Weekly Wellbeing: Therapy Versus Medication To Treat Depression

Treating Depression: New Scan Says Whether You Need Therapy Or Medication

This has been quite the fortnight for depression. Last week we ran a feature on spotting the symptoms and what you need to know to help someone with depression, after Stephen Fry spoke candidly about his struggles. This week, we found from the National Office Of Statistics, that one in five people in Britain suffer from depression or anxiety.

The problem with depression, is that because people aren't sure whether it is do with genetics or if it develops on its own, is that there is no hard and fast rule on how to treat it. But there may be light at the end of the tunnel for those figuring out whether it's best to go through therapy or take anti-depressants. New research from Emory university in Atlanta indicates that patterns of brain activity may reveal whether a patient needs therapy or tablets. Dr Helen Mayberg who led the study looked at how different treatments affect brain activity and what happens in the brain when someone is suffering from depression.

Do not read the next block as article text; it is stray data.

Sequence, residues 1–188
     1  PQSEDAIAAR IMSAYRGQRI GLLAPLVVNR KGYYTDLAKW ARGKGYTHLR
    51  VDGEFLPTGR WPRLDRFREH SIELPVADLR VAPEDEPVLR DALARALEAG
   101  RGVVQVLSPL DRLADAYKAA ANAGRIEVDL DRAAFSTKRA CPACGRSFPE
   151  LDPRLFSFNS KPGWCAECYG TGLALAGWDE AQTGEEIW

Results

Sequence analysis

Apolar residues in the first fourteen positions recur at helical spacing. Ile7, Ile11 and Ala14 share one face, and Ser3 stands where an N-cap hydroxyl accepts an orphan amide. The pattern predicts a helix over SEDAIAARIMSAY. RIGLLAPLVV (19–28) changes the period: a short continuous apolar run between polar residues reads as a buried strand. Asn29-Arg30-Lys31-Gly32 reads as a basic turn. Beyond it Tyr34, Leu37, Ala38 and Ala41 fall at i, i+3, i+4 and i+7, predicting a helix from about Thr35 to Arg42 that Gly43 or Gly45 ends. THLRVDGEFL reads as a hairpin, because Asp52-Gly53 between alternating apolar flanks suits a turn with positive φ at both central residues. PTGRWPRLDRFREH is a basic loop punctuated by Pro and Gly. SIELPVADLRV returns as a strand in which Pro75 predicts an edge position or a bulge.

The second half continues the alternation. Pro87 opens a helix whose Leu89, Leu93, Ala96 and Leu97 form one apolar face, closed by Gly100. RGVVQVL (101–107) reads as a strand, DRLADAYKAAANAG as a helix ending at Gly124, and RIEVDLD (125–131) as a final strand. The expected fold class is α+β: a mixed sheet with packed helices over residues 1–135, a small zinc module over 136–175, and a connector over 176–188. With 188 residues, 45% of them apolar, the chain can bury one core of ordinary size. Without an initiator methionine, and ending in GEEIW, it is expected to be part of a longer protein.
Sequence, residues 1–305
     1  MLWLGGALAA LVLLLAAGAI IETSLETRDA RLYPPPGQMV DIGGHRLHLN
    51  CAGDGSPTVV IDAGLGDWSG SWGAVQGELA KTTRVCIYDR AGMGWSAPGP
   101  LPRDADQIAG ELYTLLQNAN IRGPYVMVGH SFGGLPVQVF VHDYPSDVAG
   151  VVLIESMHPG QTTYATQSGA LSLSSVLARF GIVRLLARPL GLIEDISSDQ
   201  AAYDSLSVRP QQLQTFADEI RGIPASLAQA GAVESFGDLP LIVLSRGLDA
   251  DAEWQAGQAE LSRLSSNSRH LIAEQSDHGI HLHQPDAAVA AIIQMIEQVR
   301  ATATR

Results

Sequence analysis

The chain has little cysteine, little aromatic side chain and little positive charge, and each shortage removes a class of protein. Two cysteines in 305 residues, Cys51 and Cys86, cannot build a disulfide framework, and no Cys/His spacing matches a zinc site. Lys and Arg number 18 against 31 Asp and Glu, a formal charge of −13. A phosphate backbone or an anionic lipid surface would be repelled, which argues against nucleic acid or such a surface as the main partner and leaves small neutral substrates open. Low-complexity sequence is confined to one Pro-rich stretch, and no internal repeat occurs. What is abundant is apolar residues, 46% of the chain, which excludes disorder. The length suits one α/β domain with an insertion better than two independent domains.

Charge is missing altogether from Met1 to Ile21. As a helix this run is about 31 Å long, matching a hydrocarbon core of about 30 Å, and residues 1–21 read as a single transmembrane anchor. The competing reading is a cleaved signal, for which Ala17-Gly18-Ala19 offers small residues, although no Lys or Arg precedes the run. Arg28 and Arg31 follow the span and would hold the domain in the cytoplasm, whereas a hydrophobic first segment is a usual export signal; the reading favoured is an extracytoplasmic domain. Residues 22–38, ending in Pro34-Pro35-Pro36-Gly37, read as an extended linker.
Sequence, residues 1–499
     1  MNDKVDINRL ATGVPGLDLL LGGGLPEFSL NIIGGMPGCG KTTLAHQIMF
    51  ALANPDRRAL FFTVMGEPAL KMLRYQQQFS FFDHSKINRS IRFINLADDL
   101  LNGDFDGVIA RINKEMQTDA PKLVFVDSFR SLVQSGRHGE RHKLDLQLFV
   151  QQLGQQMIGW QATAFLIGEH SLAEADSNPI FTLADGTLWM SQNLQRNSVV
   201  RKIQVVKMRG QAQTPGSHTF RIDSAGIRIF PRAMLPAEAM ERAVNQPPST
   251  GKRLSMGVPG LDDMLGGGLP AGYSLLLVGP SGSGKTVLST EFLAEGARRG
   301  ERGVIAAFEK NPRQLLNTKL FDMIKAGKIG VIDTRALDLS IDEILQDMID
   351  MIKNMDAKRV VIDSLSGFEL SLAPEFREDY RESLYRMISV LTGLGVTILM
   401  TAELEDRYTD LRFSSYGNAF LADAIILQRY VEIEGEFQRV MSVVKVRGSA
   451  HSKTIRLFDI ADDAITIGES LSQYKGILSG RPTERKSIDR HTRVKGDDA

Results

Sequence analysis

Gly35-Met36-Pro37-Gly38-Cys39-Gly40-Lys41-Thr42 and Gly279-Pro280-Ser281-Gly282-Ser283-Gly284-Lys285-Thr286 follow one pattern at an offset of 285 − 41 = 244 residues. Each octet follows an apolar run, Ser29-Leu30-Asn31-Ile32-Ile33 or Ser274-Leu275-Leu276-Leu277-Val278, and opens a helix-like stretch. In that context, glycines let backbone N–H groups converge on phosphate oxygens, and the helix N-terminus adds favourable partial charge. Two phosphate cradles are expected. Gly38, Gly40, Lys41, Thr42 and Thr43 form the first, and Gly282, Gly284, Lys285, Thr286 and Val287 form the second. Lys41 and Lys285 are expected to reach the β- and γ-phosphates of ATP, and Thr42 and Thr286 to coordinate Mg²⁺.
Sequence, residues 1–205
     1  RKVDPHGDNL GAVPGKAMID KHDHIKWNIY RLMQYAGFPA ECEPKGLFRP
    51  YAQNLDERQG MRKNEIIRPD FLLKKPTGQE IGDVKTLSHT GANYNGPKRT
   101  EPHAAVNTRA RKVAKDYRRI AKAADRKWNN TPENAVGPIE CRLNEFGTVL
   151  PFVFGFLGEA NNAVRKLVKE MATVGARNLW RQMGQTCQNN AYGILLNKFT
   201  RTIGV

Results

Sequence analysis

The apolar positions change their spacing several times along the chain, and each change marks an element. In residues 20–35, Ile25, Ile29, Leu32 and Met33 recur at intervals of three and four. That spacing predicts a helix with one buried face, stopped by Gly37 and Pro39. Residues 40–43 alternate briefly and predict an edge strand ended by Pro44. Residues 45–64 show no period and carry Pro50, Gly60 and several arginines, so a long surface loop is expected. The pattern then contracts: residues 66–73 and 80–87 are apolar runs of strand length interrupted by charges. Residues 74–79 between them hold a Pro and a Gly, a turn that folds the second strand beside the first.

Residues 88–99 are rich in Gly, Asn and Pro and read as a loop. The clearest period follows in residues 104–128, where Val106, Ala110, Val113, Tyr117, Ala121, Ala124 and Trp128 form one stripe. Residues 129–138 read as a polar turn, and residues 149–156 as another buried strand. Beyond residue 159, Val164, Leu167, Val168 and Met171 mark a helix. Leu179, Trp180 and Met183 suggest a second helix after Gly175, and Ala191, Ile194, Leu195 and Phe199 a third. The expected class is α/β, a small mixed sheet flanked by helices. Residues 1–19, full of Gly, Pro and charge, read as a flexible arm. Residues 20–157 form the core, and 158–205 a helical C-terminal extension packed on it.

The study included 65 people and they were randomly assigned to receive cognitive behavioural therapy (CBT) or the antidepressant escitalopram. PET scans were then taken of the subject's brains.

Talking to HuffPost UK Lifestyle, Dr Sheri Jacobson from Harley Therapy says that the struggle between whether to go for therapy or medication arises all the time. "We don’t know if there is a biological tendency to have depression and it's activated by circumstance, or if it develops on its own. I’m a big proponent of talking therapy. I am a strong believer that mental health conditions can be traced back to early traumas. So the best way to resolve them – because I don’t believe in a 'cure' – is to work on those earlier factors."

Last year, the BBC revealed new figures that the NHS in England spent more than £270m on antidepressants last year, which was a huge 23% increase on 2010.

Dr Jacobson said: "A lot of us don’t believe in medication long term - it has side effects, and we don’t know the long term consequences. But - some people are not amenable to talking therapy. For some people we do recommend taking some medication to give them a step up to then contemplate the next step, because if you are suffering from depression then you can’t get on that ladder at all – it seems impossible.

"With therapy, the starting point is the present, where you get a grip on the damaging day to day conditions that are affecting you. Then at some point it’s worth exploring the roots of potential causes so that that it doesn’t morph into something else. On that basis talking therapy really helps because it gives people a real chance at being able to manage their condition and moving forward from it."

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